Frank Kameny House and Grave Site
Frank Kameny House
Frank Kameny Grave
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Tribute photo, nov. 2, 2007- http://www.flickr.com/photos/andertho/1896374289/
Backstory and Context
Franklin Edward Kameny, known as Frank Kameny, was born May 21st, 1925 and died October 11th, 2011. Known as "America's First Gay Activist," 86 year old Kameny left a legacy for not only the LGBT community, he left a legacy for the world. In the midst of the Civil Rights Movement, Kameny fought for equality in many walks of life, including the fight for equality among Gay America.
Kameny was a federal employee in the 1950s. As a child, he dreamed of becoming an astronomer. This dream became a reality as he pursued an education and obtained a Ph.D. in Astronomy from Harvard.1 Kameny held a position as Astronomer and was employed by the United States Army. This dream came to an end in 1957 because of Kameny's sexuality. Kameny was dismissed from the United States Army as a homosexual. Although dismissed, he made history when he fought back. Through his life work of Gay Rights activism, he transformed "gay" in the eyes of the people, which helped to remove labels of illness. “Gay is good!” (Kameny) He "personally petitioned the United States Supreme Court" contesting his dismissal from the Army based on his sexuality. ( 2010 BrowseBiography.com, Frank Kameny) Although known as a quiet man, he did anything but remain silent.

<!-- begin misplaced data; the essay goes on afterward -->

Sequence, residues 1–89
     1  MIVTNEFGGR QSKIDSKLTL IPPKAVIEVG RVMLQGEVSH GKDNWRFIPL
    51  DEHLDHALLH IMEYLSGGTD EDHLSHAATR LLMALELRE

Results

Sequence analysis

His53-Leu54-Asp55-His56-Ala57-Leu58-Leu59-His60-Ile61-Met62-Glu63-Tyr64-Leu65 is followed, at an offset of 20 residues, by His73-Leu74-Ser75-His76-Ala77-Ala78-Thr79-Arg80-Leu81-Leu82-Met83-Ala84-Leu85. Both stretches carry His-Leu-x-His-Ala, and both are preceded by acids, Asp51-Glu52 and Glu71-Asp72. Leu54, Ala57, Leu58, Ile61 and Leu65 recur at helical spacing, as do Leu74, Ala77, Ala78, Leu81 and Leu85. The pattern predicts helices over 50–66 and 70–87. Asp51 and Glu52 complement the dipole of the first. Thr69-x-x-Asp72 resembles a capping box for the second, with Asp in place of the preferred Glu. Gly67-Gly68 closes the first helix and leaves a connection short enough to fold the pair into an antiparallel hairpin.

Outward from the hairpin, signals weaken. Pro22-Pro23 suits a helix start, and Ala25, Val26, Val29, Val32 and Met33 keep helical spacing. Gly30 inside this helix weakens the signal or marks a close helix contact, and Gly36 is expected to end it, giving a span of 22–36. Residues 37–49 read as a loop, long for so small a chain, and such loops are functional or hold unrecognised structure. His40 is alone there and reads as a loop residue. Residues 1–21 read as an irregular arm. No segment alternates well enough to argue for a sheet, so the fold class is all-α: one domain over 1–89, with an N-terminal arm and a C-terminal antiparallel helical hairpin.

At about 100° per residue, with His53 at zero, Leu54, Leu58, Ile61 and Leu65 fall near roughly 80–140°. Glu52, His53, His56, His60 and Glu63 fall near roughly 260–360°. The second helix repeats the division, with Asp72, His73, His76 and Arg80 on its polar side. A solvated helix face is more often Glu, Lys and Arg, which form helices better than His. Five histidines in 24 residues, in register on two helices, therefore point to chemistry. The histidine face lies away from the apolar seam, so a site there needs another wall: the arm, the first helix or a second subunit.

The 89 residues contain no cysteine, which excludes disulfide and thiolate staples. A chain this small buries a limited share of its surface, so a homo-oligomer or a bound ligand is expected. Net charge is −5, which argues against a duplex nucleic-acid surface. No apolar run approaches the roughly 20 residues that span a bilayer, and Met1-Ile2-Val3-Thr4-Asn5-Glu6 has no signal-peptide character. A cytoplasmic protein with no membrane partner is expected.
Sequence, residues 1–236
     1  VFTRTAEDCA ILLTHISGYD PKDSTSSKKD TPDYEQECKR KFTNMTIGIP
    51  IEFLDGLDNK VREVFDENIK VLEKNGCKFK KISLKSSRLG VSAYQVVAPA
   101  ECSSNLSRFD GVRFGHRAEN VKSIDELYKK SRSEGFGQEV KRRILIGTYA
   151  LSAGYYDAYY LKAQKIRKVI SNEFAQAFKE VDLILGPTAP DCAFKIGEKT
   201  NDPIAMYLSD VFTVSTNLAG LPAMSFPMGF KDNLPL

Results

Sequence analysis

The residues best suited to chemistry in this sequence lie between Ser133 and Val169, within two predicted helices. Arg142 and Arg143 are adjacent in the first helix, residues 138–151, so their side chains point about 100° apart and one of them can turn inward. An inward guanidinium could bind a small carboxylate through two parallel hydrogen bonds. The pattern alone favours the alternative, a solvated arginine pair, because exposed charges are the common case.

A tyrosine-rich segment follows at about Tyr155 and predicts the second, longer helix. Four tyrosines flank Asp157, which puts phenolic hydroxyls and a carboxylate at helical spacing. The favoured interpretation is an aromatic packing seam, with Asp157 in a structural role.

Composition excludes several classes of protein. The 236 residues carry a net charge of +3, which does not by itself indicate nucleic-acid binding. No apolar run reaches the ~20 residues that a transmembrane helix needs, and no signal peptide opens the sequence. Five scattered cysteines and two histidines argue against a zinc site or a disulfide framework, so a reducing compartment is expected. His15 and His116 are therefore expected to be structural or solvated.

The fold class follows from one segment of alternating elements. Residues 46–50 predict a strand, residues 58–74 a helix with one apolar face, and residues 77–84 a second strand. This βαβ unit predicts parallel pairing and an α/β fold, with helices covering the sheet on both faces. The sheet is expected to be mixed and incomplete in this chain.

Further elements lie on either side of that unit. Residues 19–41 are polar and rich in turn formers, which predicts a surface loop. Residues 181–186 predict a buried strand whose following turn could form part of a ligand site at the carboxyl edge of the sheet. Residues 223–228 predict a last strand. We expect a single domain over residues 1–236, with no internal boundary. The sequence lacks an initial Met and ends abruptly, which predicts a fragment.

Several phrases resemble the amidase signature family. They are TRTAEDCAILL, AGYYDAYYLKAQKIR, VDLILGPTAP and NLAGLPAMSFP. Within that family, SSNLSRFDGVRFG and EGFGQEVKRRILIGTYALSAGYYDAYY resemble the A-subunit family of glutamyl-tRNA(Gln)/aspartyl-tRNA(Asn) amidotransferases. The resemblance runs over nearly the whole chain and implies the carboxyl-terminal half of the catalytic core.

Dr. Franklin E. Kameny (Frank), known as the “father of gay activism,” 3 lived in a quaint, two-story house which was built in 1955. It is a landmark with the U.S. National Register of Historic Places, due to its connection with the Gay Civil Rights Movement, in which it was the headquarters. 4 Kameny was the co-founder of the Mattachine Society. (founded in 1950) 5 The house became a meeting place after it became his residence in 1962. He lived there nearly 40 years. His Gay Rights activism helped to change the definition of gay and brought liberation to the gay community. In 2009, the home became a D.C. Historical Landmark even though he still occupied the home.
After his death, the home has had an uncertain future. Although it is registered a U.S. Historic Place, the house was sold to a private buyer.6 Located at 5020 Cathedral Ave., N.W., Washington, DC 20016, the house was sold for $725,000. There has been some controversy regarding the sale however, those who love Kameny profess his simple lifestyle and lack of assets; not begrudging the sale and distribution of the money to his partner.7
A man of honor, strength, and a leader in American Gay Activism, Frank Kameny broke through social, cultural, and legal barriers on behalf of gay liberation, freedom, and equality. After his death, he was cremated and his ashes were divided into two urns, one which was to be buried in the D.C. congressional Cemetery, where his grave marker can be found. Although his burial was scheduled for March 3rd 2012, there was a delay due to issues regarding his estate between an heir and a gay social group that contributed to the purchase of his gravesite.8 His ashes are currently being stored at “Capitol Hill’s Congressional Cemetery.” (washingtoncitypaper.com)
Although this iconic activist’s home and gravesite are in transitional situations of either new private ownership or estate battles, the impact of Kameny’s work as an activist resonates to this day. You will find the location of Kameny’s home here on Clio and a link is provided for you to visit the historical Congressional Cemetery in D.C. and see where his headstone marks his burial place at an undetermined date in America’s future.